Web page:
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Vineyards and Grace

The Kingdom of God is like this:

It’s a cool, clear morning in late summer. The sun hasn’t quite managed to peek over the eastern lake, and the workers wrap themselves closely in their cloaks and grumble. It’s just another day selling their labour for a measly pittance, just about enough to keep body and soul together. Just enough to make it worth being out of bed before the sun is, and to be standing around waiting here….

The bedtime story series

In this time of reflection, I invite you to close your eyes, place your feet firmly on the floor, or whatever is your best posture for contemplation.

As I retell Jesus’ story of the workers in the vineyard, open yourself to whatever comes. Who do you identify with? How does it make you feel?

It’s a cool, clear morning in late summer. The sun hasn’t quite managed to peek over the eastern lake, and the workers wrap themselves closely in their cloaks and grumble. It’s just another day selling their labour for a measly pittance, just about enough to keep body and soul together. Just enough to make it worth being out of bed before the sun is, and to be standing around waiting here.

An irritatingly dapper figure emerges out of the gloom. You recognise him – the owner of a nearby vineyard. He recognises you in turn, and beckons you, and then a few of your mates. A small crew, but a reasonably competent one, with no wasters or complete fools. The early bird gets the worm after all. And he’s a reasonable boss, as these things go. Not some tight-arse who tries to get out of paying the honest day’s wage for an honest day’s work.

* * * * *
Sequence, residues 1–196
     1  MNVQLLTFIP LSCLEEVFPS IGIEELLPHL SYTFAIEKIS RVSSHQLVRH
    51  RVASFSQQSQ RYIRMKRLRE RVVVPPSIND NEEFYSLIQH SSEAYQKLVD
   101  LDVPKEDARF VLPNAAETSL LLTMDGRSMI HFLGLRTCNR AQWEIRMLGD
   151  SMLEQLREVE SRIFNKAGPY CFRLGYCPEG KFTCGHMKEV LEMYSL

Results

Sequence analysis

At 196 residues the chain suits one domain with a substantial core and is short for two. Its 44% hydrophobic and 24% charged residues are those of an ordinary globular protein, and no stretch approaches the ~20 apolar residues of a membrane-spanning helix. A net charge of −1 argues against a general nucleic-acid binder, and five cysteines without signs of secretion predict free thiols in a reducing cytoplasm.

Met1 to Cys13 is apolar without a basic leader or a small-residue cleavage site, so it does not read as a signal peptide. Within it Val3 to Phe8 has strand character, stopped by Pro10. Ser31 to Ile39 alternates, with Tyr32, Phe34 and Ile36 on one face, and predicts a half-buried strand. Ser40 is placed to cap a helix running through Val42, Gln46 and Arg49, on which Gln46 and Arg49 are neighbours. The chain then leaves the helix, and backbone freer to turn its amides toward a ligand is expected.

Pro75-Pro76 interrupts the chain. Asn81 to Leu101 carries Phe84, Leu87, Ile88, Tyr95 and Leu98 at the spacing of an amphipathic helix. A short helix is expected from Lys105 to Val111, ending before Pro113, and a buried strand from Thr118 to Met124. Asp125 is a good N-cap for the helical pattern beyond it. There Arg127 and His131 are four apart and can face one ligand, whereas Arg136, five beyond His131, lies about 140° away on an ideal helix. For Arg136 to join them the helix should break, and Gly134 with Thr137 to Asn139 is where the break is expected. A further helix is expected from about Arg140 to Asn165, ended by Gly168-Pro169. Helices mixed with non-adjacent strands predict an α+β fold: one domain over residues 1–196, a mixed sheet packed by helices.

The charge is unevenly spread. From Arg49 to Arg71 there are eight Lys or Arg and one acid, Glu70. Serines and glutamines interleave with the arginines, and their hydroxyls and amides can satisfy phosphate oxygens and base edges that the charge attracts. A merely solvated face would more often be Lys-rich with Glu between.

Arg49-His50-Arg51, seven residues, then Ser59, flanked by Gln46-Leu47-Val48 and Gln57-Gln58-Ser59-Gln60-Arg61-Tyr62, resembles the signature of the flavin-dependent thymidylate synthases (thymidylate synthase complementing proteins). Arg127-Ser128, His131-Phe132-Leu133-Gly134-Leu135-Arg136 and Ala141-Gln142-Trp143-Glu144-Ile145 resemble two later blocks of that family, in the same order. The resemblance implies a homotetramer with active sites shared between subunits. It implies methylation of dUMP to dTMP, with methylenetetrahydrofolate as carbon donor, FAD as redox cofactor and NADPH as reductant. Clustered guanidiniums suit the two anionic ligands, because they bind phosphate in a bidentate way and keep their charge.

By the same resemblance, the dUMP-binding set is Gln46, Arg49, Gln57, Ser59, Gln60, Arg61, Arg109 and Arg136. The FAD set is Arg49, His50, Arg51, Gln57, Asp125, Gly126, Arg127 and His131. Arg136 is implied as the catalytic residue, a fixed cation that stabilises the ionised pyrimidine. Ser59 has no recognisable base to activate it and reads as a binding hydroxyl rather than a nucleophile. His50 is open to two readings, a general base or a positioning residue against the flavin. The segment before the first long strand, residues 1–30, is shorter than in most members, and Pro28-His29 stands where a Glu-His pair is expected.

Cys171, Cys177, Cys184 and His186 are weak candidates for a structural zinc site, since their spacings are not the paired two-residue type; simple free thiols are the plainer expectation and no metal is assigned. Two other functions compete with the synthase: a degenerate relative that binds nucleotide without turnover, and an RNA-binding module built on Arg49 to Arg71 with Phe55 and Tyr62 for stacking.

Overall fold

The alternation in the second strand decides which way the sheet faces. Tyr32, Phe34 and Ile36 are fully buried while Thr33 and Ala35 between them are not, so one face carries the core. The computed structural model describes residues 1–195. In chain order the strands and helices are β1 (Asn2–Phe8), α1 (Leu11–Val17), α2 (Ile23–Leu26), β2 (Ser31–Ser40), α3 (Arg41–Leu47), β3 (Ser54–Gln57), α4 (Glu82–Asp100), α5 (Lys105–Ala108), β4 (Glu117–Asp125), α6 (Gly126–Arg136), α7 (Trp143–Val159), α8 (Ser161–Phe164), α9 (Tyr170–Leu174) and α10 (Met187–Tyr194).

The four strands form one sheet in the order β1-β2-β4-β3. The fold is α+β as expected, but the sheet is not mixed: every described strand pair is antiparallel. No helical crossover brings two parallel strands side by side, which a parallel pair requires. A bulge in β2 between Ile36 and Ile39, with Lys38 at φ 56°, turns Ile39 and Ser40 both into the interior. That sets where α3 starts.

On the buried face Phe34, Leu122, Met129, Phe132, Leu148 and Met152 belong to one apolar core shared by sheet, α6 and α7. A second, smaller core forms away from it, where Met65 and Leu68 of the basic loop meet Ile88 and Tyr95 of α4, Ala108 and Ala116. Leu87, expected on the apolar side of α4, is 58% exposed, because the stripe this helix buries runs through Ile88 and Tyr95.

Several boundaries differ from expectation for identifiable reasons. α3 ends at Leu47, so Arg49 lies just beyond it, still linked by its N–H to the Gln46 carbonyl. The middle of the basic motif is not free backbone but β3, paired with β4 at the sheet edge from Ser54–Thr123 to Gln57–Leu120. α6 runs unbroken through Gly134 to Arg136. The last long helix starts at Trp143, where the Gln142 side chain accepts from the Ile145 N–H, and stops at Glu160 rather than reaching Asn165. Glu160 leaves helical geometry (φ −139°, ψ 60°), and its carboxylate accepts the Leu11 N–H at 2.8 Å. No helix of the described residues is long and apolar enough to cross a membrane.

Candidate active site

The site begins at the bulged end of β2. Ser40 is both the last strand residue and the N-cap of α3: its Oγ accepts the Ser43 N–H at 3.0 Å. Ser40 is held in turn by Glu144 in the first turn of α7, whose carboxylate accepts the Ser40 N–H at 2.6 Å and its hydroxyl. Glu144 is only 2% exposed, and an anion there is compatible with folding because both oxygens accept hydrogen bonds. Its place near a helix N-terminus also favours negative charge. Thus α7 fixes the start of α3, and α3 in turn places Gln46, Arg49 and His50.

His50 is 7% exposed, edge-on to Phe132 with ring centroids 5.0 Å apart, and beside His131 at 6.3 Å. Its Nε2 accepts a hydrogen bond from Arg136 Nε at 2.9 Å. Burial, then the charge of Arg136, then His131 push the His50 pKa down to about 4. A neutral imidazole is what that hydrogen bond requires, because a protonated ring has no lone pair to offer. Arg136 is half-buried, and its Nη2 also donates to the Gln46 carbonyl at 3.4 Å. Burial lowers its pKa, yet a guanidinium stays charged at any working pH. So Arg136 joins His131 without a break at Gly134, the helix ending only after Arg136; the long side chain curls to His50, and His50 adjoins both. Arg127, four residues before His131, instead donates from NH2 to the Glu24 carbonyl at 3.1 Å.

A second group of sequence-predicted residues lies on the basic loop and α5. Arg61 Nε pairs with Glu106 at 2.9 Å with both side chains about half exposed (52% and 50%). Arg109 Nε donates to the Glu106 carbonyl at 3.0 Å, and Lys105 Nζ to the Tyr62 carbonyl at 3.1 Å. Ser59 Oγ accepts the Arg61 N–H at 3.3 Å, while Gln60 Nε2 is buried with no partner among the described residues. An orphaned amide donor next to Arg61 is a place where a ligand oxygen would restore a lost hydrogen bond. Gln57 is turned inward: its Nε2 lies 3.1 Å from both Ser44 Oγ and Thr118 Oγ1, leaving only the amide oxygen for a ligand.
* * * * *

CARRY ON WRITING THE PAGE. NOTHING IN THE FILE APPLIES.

You trudge after him in reasonably good spirits, and get to work. The sun isn’t long in rising, and soon you’re warm enough to lose the cloak, and soon after that you’re sweating.

After a couple of hours, it’s time for the break, and so you gather at the corner of the vineyard nearest the house and pass a skin of heavily diluted wine around. It’s not too bad – you can remember harvesting these very fruit a year back. After a few more minutes, the foreman says its smoko over, so you get up, rubbing your aching back.

Something catches your eye, and, on the far side of the vineyard’s low wall, you see the owner striding down the road with a huge grin on his face, leading another collection of workers. Not a crack team like you and your mates – they seem a bit older, a bit stiffer. Still, some of them are good enough blokes, good workers in their day.

“The boss must be in a big hurry to get the grapes in,” the guy next to you grouses, but you just shrug. Maybe he thinks a storm is coming or something.

Another few hours pass, picking the grapes and carrying baskets. You’re in a bit of a rhythm with it, lost in your own thoughts, when the foreman yells “tools down!” and you head off to the shady tree to see if last night’s bread might be improved with a bit of the boss’s watery wine.